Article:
Even with talent, you need several breaks. Appalachian State probably doesn’t shock the world if Michigan’s star running back Mike Hart played 100 percent of the game. While you never hope for injuries to happen, LSU’s defense is stretched thin at this point of the season and could be without five starters for Saturday’s game, including four starters among the front seven. Starting linebacker K’Lavon Chaisson is still questionable with a lower leg injury, as is safety Todd Harris. LSU’s two starting defensive ends are likely both out, with Glen Logan doubtful and Rashard Lawrence questionable to play, and Michael Divinity, last season’s fourth-leading tackler for the Tigers, is also doubtful to play. While plenty of talented recruits are available to replace injured starters, LSU’s defense is far from running all cylinders.
All of this could be for naught (and frankly, probably is), if QB Joe Burrow continues to play at a Heisman level. The senior signal-caller has already thrown for over 1,500 yards with 17 touchdowns and only two interceptions while completing a gaudy 80 percent of his passing attempts. The Tigers haven’t averaged over 36 points per game since winning a national title in 2007. Burrow’s currently led LSU to over 57 points per game, more than enough to compensate an injury-plagued defense.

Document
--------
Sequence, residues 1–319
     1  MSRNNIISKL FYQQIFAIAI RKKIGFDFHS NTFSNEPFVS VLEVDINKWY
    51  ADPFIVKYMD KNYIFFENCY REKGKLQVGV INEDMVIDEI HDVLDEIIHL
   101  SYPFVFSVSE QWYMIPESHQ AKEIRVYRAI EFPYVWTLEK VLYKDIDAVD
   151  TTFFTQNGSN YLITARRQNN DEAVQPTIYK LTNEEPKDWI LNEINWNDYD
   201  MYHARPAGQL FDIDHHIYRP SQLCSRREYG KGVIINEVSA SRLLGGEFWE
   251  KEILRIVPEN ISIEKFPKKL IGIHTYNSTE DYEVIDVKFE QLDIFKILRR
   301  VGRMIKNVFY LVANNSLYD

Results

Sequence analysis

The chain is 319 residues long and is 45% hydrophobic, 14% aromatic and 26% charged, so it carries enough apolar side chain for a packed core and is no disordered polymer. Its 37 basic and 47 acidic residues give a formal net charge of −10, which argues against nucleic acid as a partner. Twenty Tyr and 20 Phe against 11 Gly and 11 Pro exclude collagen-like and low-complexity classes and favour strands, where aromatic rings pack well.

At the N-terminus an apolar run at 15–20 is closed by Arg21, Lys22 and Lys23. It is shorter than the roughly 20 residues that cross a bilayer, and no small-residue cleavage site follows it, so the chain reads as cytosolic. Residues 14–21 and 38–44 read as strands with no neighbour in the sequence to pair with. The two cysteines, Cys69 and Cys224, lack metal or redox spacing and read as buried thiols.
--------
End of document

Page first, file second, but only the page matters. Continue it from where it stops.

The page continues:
If USU is to have any chance in this game, a secondary that ranks 103rd in the country with 263.5 passing yards allowed per game will need to improve dramatically. To do so, Utah State’s stellar front seven will have to generate consistent pass rush against the Tigers. Woodward, Galeai, Devon Anderson, and many others will need to play the games of their lives. Eberle, Savon Scarver and the rest of the special teams unit will need to dominate the third phase of the game, and possibly find the end zone for the third game this season. Lastly, and possibly most importantly, Love will have to prove the hype and deliver an NFL-worthy performance.
That’s a lot to ask of a team of 18- to 24-year olds. The challenge facing the Aggies on Saturday is daunting. Few teams venture into Death Valley and come out unscathed, and nothing in USU’s history would lead us to predict a different outcome here. But there is potential here for the Aggies to produce their own shocking result. Love, Woodward, and others have the talent that gives USU a puncher’s chance against any opponent in the country. Landing that punch is infinitely easier said than done.
In all honesty, I wouldn’t expect the Aggies to do so (although I would expect them to cover the 27.5-point spread the game is currently given). LSU is a legit national title contender with playmakers at nearly every position, plus a QB that can go toe-to-toe with Jordan Love, and it’d be foolish to expect a victory against any opponent that can boast that.
The Aggies’ blue moon will have to wait.